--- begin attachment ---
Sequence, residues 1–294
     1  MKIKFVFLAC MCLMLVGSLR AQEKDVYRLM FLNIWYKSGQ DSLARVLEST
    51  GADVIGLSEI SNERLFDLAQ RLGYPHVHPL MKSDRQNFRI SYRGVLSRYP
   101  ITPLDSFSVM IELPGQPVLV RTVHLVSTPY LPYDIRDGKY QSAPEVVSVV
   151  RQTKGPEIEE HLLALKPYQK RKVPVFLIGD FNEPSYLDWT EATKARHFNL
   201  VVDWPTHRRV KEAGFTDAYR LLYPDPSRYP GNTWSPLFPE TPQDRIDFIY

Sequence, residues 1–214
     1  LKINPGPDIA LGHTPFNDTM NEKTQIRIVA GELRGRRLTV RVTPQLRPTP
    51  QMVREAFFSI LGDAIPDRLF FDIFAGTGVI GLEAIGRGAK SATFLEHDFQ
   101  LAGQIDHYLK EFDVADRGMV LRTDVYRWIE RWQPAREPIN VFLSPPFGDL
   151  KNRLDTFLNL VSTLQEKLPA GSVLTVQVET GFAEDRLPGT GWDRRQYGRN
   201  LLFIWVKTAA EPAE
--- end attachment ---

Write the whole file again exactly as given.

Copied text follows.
Sequence, residues 1–294
     1  MKIKFVFLAC MCLMLVGSLR AQEKDVYRLM FLNIWYKSGQ DSLARVLEST
    51  GADVIGLSEI SNERLFDLAQ RLGYPHVHPL MKSDRQNFRI SYRGVLSRYP
   101  ITPLDSFSVM IELPGQPVLV RTVHLVSTPY LPYDIRDGKY QSAPEVVSVV
   151  RQTKGPEIEE HLLALKPYQK RKVPVFLIGD FNEPSYLDWT EATKARHFNL
   201  VVDWPTHRRV KEAGFTDAYR LLYPDPSRYP GNTWSPLFPE TPQDRIDFIY

Sequence, residues 1–214
     1  LKINPGPDIA LGHTPFNDTM NEKTQIRIVA GELRGRRLTV RVTPQLRPTP
    51  QMVREAFFSI LGDAIPDRLF FDIFAGTGVI GLEAIGRGAK SATFLEHDFQ
   101  LAGQIDHYLK EFDVADRGMV LRTDVYRWIE RWQPAREPIN VFLSPPFGDL
   151  KNRLDTFLNL VSTLQEKLPA GSVLTVQVET GFAEDRLPGT GWDRRQYGRN
   201  LLFIWVKTAA EPAE